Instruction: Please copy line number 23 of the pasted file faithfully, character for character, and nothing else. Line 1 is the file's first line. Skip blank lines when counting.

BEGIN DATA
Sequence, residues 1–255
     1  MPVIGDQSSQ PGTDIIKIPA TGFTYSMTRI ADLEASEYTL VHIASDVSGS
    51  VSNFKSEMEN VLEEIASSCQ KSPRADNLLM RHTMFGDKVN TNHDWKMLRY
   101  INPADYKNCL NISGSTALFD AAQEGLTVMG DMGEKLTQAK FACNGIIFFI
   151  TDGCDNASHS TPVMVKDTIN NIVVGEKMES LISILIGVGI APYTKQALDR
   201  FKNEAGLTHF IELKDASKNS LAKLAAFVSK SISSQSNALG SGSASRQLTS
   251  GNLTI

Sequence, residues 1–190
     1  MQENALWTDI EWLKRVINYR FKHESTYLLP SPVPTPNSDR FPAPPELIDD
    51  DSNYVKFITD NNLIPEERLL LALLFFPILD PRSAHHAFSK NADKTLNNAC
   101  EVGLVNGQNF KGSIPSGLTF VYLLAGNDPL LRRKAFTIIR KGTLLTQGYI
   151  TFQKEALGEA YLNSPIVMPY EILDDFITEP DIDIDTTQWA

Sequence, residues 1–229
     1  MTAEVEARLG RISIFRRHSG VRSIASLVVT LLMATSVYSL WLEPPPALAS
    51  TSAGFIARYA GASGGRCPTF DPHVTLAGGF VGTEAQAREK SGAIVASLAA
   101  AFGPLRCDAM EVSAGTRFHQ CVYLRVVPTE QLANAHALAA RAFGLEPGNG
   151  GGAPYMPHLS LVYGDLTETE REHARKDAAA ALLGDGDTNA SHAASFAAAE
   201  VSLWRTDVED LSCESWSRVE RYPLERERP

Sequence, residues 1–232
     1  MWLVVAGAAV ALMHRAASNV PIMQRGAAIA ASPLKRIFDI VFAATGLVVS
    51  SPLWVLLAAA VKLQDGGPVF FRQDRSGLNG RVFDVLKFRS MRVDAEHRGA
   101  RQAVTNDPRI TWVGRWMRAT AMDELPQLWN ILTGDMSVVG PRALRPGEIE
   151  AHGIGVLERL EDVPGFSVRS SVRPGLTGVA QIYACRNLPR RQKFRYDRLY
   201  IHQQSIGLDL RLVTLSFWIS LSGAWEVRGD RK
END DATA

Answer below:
   151  AHGIGVLERL EDVPGFSVRS SVRPGLTGVA QIYACRNLPR RQKFRYDRLY